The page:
The Grace Year by Kim Ligget

Posted 05/13/2021 by Charli in Book Reviews / 0 Comments

The Grace Year by Kim LiggetThe Grace Year by Kim Liggett
Published by St. Martin's Publishing Group on 10/08/2019
Genres: Dystopian, General, Girls & Women, Thrillers & Suspense, Young Adult Fiction
Pages: 416
Format: Hardcover
Source: Library
four-stars

The Instant New York Times Bestseller!A speculative thriller in the vein of The Handmaid’s Tale and The Power. Optioned by Universal and Elizabeth Banks to be a major motion picture!
“A visceral, darkly haunting fever dream of a novel and an absolute page-turner. Liggett’s deeply suspenseful book brilliantly explores the high cost of a misogynistic world that denies women power and does it with a heart-in-your-throat, action-driven story that’s equal parts horror-laden fairy tale, survival story, romance, and resistance manifesto. I couldn’t stop reading.” – Libba Bray, New York Times bestselling author
Survive the year.No one speaks of the grace year. It’s forbidden.
In Garner County, girls are told they have the power to lure grown men from their beds, to drive women mad with jealousy. They believe their very skin emits a powerful aphrodisiac, the potent essence of youth, of a girl on the edge of womanhood. That’s why they’re banished for their sixteenth year, to release their magic into the wild so they can return purified and ready for marriage. But not all of them will make it home alive.
Sixteen-year-old Tierney James dreams of a better life—a society that doesn’t pit friend against friend or woman against woman, but as her own grace year draws near, she quickly realizes that it’s not just the brutal elements they must fear. It’s not even the poachers in the woods, men who are waiting for a chance to grab one of the girls in order to make a fortune on the black market. Their greatest threat may very well be each other.
With sharp prose and gritty realism, The Grace Year examines the complex and sometimes twisted relationships between girls, the women they eventually become, and the difficult decisions they make in-between.

I’ve been meaning to read The Grace Year for quite a while now. I’d tried for it on NetGalley but had been declined. No surprise there. But then, there just seemed to always be other books I wanted to buy or check out of the library. So a couple weeks ago, I bit the bullet and checked it out of the library. Definitely not mad that I did.

The Story

I had a hard time deciding if I could actually call this book a dystopian novel or not. For one thing, most of the dystopian novels I read are set in a more modern era, usually after some sort of apocalyptic catastrophe has happened. The Grace Year seems to be set in a less modern time than most. But the ideas presented are definitely dystopian – and very misogynistic. But that’s actually kind of the point.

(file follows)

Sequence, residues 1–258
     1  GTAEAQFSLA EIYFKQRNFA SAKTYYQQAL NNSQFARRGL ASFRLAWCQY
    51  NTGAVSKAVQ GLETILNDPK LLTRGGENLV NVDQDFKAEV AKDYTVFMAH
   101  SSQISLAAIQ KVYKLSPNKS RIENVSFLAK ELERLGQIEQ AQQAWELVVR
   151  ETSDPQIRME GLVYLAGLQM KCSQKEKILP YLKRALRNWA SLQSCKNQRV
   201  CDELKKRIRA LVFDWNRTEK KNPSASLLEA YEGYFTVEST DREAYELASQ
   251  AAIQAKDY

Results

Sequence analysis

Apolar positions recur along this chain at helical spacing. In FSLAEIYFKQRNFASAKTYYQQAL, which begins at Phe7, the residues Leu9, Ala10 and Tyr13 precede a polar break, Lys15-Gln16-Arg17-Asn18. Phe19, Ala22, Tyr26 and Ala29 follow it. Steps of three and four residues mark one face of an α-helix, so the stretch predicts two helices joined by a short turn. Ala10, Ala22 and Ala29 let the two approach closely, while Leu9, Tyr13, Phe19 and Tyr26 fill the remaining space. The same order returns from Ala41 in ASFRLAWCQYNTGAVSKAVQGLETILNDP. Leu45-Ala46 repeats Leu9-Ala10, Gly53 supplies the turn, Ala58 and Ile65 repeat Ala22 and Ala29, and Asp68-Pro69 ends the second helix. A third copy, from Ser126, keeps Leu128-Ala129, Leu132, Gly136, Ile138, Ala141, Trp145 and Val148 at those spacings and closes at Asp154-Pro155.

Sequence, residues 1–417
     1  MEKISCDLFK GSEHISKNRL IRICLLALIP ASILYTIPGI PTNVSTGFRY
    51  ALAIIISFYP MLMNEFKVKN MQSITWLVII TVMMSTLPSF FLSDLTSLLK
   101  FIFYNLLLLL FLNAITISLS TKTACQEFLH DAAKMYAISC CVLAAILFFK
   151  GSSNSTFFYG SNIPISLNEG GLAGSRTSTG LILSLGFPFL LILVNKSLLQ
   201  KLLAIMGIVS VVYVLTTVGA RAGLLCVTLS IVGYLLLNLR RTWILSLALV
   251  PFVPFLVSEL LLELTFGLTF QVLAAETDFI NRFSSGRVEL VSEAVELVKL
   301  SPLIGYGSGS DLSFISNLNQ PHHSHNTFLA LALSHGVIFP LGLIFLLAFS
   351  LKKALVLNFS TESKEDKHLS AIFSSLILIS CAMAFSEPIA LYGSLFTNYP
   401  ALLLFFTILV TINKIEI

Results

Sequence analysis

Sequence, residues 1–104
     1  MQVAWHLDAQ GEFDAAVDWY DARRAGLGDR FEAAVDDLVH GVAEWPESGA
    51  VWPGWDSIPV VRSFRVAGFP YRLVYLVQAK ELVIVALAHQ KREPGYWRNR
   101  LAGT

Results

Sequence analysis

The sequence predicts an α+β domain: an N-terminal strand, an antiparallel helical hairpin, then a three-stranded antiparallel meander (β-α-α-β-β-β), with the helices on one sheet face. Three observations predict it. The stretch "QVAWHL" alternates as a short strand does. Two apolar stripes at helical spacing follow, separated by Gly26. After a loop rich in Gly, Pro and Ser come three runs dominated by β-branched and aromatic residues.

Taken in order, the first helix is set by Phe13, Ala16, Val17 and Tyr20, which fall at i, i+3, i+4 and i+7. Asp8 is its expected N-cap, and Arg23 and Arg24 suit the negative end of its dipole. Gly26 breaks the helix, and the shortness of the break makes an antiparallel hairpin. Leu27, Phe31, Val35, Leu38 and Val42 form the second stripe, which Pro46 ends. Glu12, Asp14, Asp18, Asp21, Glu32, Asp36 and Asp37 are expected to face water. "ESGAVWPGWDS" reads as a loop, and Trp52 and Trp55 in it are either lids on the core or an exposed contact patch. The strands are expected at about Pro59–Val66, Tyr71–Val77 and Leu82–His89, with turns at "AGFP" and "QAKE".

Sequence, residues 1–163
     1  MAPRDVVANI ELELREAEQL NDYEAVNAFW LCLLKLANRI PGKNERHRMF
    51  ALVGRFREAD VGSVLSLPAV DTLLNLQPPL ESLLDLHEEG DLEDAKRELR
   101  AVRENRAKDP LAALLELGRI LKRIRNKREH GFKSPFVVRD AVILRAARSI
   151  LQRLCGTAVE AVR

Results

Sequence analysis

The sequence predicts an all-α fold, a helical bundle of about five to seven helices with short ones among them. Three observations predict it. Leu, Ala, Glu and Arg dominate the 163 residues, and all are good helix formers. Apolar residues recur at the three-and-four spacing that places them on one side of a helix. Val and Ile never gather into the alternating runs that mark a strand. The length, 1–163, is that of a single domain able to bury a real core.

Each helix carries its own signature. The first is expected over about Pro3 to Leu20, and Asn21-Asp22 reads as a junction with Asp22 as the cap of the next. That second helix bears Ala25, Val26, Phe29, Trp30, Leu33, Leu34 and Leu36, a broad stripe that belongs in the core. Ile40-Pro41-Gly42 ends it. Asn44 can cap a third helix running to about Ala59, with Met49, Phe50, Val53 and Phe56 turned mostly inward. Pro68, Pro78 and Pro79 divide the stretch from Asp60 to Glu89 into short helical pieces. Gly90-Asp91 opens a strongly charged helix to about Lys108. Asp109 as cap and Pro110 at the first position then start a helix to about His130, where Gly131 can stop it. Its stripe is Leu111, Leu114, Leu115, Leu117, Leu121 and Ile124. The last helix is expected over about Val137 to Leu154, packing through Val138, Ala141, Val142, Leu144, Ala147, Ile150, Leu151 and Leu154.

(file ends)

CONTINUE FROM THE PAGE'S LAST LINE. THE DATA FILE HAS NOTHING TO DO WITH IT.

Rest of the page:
Leave it to men to decide that women possess some sort of magic that lures men into their beds. Like really? While I realize it is a central concept to the book, I found myself rolling my eyes every time the people of Garner County or the girls in their grace year mentioned the girls’ magic. I guess I’m a lot like Tierney, since she didn’t believe in any of that bull either.

The Characters

Tierney was a great main character. I loved seeing the story told from her point of view. I especially loved this part of the book:

I wonder what I’d see if I came across Tierney James today. And now I’m talking about myself in the third person.

Tierney James, The Grace Year, Winter, pg 180

I can imagine the sarcasm with which she thought it to herself.

I also enjoyed Ryker quite a bit. The fact that he was willing to sacrifice everything for someone he was taught to fear says a lot about his character.

The Ending

I have to admit, the ending kind of bugged me. I wasn’t expecting it to end the way it did. However – I would love to see a sequel because I really think we need a continuation of the story.

Final Thoughts

This book reminded me a lot of The Handmaid’s Tale. The plots are totally different, but the idea that women are little more than property. That women have one specific purpose and must be useful. It’s kind of why I want a sequel – we all know what happened to Gilead after The Handmaid’s Tale ended thanks to The Testaments. I want to know if Garner County gets taken down in a similar fashion. I know I’d like to read that story.

I gave this 4 stars. If you liked The Handmaid’s Tale, I think you’ll enjoy this.

four-stars